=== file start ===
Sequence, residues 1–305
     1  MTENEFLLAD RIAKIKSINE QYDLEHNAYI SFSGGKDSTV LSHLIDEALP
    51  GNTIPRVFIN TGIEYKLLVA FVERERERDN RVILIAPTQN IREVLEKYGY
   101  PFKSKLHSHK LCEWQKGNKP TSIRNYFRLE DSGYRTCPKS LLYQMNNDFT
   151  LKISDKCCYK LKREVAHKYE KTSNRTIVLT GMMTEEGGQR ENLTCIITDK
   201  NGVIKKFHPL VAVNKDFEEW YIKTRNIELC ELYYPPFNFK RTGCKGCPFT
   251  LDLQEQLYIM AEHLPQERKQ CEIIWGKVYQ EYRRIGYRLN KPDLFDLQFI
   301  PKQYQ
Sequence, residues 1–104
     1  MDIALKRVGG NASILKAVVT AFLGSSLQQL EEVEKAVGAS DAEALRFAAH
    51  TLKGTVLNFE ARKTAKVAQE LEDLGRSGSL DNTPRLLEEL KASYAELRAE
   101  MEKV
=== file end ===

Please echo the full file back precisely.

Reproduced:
Sequence, residues 1–305
     1  MTENEFLLAD RIAKIKSINE QYDLEHNAYI SFSGGKDSTV LSHLIDEALP
    51  GNTIPRVFIN TGIEYKLLVA FVERERERDN RVILIAPTQN IREVLEKYGY
   101  PFKSKLHSHK LCEWQKGNKP TSIRNYFRLE DSGYRTCPKS LLYQMNNDFT
   151  LKISDKCCYK LKREVAHKYE KTSNRTIVLT GMMTEEGGQR ENLTCIITDK
   201  NGVIKKFHPL VAVNKDFEEW YIKTRNIELC ELYYPPFNFK RTGCKGCPFT
   251  LDLQEQLYIM AEHLPQERKQ CEIIWGKVYQ EYRRIGYRLN KPDLFDLQFI
   301  PKQYQ
Sequence, residues 1–104
     1  MDIALKRVGG NASILKAVVT AFLGSSLQQL EEVEKAVGAS DAEALRFAAH
    51  TLKGTVLNFE ARKTAKVAQE LEDLGRSGSL DNTPRLLEEL KASYAELRAE
   101  MEKV